Without the faith of my beloved I would not have recovered from a serious breakdown, without the faith of a child I would not have become a father, without the faith of family and true friends I wouldn’t have rediscovered my true self. Artist, woodworker.

In my humble opinion Faith is what the people who love you, give to you.

It is their faith in your humanity and the possibility that you will stop being a monumental fool and start behaving like a socialised individual that redeems us. Their faith gives one the inspiration needed to live fully.

Your parents ought to be the first people to give you Faith. My Dad, seen here with his granddaughter and great grandson (Joseph again) had tremendous faith in me.

I miss him terribly, but I can repay his memory by having faith in my loved ones.

Polly Joseph and Dad.jpg

Faith is what we all need.

Given freely it is the quintessence of love’s light.

If you are in receipt, acknowledge it, be thankfull and believe you are worthy.

Please do not throw it away.

 

HL

 

 

 

 

Cowboy

7 Jun
The lone cowboy sitting astride his steed travelling the vast planes in search of Gold. Well, astride a Stokke kneeling stool anyway.
In the Spring of ’83 my mother exchanged her beloved portable typewriter (a very collectable Olympia) for this huge electric contraption so that I could finally complete my Ph.D. thesis.
We were living in Moss Side, Manchester and I was struggling to comprehend how I could finish my studies with no job prospects having just become a dad and come to the end of my research grant.
In hindsight, I realise I might have been suffering from my first serious bout of depression.
Over the years that followed and following my eventual diagnosis with Manic Depression (or Bipolar Disorder) in 2001, I developed a robust method of sensing when depression was about to strike.
Only last week our first ever, and most loyal customer to our cafe, Tea with Percie took his own life.
He was a gifted artist and beloved by many for his depth and sensitivity. In the end he lost his fight with depression, or the  The Black Dog as some would call it.
Last week I felt the Black Dog leave the artist’s house with the undertakers and the police as they moved his remains from his home.
Clare, my wife, was very upset, she really liked him, and his good friends too were distraught.
I knew I had to do something, because the manner of his passing was too close to home for me. The Black Dog loomed.
I went in to my studio and carefully took apart a distressed but beautiful old Parker Knoll reclining chair, cleaned up all the joints and rebuilt it with a bit of Love. I find this the best glue.
D8B0A683-67D7-4320-B765-A2CCFD3C9FC1
 I find that if I am quick enough to take action – particularly through making, or repairing – I can usually short circuit the negative thoughts and the looming cloud of depression. Perhaps because focus is needed to make, or repair something with manual skill requires, which requires concentration. This focus allows the black thoughts to slink away.  Depression feeds when the mind is unfocussed – it is why work is so important to us, and unemployment so destructive.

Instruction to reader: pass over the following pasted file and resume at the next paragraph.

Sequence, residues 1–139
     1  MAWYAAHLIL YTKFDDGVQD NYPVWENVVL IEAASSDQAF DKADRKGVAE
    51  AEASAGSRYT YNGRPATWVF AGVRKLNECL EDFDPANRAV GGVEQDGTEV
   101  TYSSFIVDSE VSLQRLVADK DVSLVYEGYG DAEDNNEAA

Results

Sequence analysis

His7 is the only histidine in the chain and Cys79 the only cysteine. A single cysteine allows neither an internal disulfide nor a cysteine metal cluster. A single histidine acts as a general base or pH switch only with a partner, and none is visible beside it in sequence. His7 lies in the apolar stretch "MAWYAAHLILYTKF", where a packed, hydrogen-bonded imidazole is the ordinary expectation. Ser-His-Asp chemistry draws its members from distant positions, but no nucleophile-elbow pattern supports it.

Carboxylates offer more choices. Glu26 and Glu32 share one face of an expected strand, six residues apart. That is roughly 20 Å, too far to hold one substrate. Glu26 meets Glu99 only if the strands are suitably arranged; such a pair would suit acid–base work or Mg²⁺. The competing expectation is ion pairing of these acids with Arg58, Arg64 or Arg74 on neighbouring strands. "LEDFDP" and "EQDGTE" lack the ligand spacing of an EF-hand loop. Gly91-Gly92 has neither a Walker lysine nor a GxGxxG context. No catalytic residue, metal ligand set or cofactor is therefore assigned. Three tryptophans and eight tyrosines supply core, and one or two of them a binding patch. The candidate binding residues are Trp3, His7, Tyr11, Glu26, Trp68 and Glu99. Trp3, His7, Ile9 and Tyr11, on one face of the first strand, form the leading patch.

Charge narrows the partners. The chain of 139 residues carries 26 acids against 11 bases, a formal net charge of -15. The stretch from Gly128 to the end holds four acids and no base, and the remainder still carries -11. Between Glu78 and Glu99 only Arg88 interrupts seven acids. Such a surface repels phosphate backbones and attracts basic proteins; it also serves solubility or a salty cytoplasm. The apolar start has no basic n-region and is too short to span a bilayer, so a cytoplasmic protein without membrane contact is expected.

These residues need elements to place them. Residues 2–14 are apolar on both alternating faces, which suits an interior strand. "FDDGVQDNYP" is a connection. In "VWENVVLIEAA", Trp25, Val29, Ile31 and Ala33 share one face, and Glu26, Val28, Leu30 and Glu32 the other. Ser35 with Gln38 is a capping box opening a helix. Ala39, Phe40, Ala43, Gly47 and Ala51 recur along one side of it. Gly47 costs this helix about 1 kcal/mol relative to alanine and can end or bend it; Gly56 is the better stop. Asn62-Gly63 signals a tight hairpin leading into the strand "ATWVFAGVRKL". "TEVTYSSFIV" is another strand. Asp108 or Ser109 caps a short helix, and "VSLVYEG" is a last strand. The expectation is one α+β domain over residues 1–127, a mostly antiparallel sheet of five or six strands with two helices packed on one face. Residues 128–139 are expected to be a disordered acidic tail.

I like to think of it as using the ‘mental floss’ method of escaping the accumulating plaque of depression – just like Cowboy Henk might do:
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Cowboy Henk is the maverick creation of artist Herr Seele and writer Kamagurka. He is a big Belgian Cowboy who finds solutions to life’s problem which invariably involve action, are often absurd rude and somewhat offensive – and always funny.
In the old Southwest of the USA ‘maverick‘ was a word coined to describe  an unbranded steer which had become separated from its mother. Because the calf could not be muzzled (feed from its mother) it made a lot of irritating noise.
James Garner played Bret Maverick in the eponymous hit 60’s TV show.
in which the main character always has an answer to every problem.
Not surprisingly I admired this character greatly as a young man.
Nowadays the word ‘maverick’ has come to mean a lone dissenter, an intellectual or an artist, a dissident – a free thinker.
Other synonyms include – nonconformist, individualist, loner, lone wolf.
I suspect Mavericks are particularly prone to the Black Dog, because they invariably tend to be self reliant, rarely seeking help because they are usually effective at finding their own solutions.
I have been called ‘maverick’ in the pejorative sense many times, not least by close relatives. I am, in some people’s eyes a cowboy, a rebel and a loose canon.
For example;
A few years after I finishing my Ph.D. on that monster typewriter, I was working as a postdoctoral research assistant at the University of Newcastle upon Tyne in a laboratory studying insect vision. It fulfilled the important criteria of giving my daughter and her mum a safe place to live and grow in a lovely city and provide a reasonable standard of living.
Two years in to a three year research contract there I was invited to give a talk to the annual Science and Engineering Council’s annual conference in Edinburgh.
The chair of the session in which I presented my paper was a Professor to whom I had just applied for a new job. At the end of my lecture, which was well received, he drew me to one side and said
“You are nothing like I imagined Dr. Littlewood. Perhaps you need to be more careful whom you chose as a referee.”
I was a bit bemused.
He kindly gave me a copy of the reference written about me by my boss at Newcastle University for the fellowship in the Professor’s lab.
The letter began:
“Dear Sir,
Dr. Littlewood, is completely un-housetrained, he is a maverick…………” and carried on in the same vein.
Needless to say, I was not interviewed for the position, and I began to wonder how many other applications had gone awry because of similar derogatory references.
What I had done to draw this ire?